In many places, LGBTQ+ history is largely unwritten and the local LGBTQ+ community’s significant places are unrecognized. This session will provide a cross-country sampling of the process and results of different LGBTQ+ historic context statement initiatives. Speakers will discuss the various approaches related to LGBTQ+ historic context statements, including: creation, implementation of recommendations, and use as a resource and guiding document.
Susan Ferentinos, PhD, is a public history researcher, writer, and consultant, specializing in LGBTQ and women's history. She is the author of the LGBTQ Historic Context Study for the State of Maryland and a contributor to the National Historic Landmark LGBTQ Theme Study. Her book Interpreting LGBTQ History at Museums and Historic Sites won the 2016 Book Award from the National Council on Public History. Dr. Ferentinos has worked on over a hundred projects for the National Park Service, including three national historic landmarks related to LGBTQ history that are currently in progress.
Tania Georgiou Tully, Senior Preservation Planner with the City of Raleigh Urban Design Center, serves as the primary liaison to the Raleigh Historic Development Commission. After many years as the sole Certificate of Appropriateness staff, Ms. Tully now has the pleasure of leading a three-person team of preservationists. Prior to returning to Raleigh in 2007, she worked with the Utah State Historic Preservation Office, the Maryland Historical Trust, and as a preservation planner in Montgomery County, Maryland. Tania holds a M.S. in Historic Preservation from the University of Utah and a B.S. in Design from Clemson University.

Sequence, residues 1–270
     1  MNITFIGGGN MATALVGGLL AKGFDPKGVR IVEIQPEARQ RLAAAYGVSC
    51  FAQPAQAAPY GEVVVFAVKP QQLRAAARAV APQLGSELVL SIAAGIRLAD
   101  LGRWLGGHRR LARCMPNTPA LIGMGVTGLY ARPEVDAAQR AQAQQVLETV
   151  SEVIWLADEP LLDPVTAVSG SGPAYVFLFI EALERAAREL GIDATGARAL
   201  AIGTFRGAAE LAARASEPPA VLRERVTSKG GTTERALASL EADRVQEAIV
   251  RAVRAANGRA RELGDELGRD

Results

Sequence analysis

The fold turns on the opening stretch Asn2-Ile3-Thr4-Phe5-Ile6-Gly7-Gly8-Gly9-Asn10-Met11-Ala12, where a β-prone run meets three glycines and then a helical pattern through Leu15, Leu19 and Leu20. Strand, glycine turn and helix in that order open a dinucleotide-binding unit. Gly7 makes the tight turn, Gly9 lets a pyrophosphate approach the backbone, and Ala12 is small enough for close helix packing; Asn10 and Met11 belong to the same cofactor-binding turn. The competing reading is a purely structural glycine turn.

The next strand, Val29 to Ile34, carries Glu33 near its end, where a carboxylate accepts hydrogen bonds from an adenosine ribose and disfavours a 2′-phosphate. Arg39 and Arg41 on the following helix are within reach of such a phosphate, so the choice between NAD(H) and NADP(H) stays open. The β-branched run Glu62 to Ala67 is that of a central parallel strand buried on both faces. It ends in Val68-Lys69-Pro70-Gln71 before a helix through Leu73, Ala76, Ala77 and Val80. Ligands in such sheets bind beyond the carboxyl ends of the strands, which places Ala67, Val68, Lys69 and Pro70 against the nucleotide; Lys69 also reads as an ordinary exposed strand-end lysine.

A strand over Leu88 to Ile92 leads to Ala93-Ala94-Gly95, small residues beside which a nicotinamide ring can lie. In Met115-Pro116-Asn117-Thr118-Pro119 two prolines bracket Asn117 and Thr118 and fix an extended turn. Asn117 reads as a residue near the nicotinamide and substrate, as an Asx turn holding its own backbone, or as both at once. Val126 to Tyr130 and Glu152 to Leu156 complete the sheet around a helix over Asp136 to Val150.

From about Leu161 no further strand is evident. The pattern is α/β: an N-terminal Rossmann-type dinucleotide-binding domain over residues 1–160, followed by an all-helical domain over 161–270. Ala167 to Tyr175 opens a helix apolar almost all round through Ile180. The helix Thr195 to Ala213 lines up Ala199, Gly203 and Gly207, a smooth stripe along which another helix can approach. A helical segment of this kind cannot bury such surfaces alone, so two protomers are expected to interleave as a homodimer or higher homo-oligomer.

Jeffrey A. “Free” Harris is a Hampton, Virginia based historian & preservation consultant who works with historic preservation organizations, historic sites, and non-profit organizations on issues related to diversity and historic interpretations. Free was the first Director for Diversity at the National Trust for Historic Preservation. Free currently is Vice Chair of the Virginia Board of Historic Resources, and Board Chair of the Rainbow Heritage Network. He contributed the chapter “’Where We Could Be Ourselves’: African American LGBTQ Historic Places and Why They Matter” to the National Park Service’s 2016 LGBTQ Heritage Theme Study.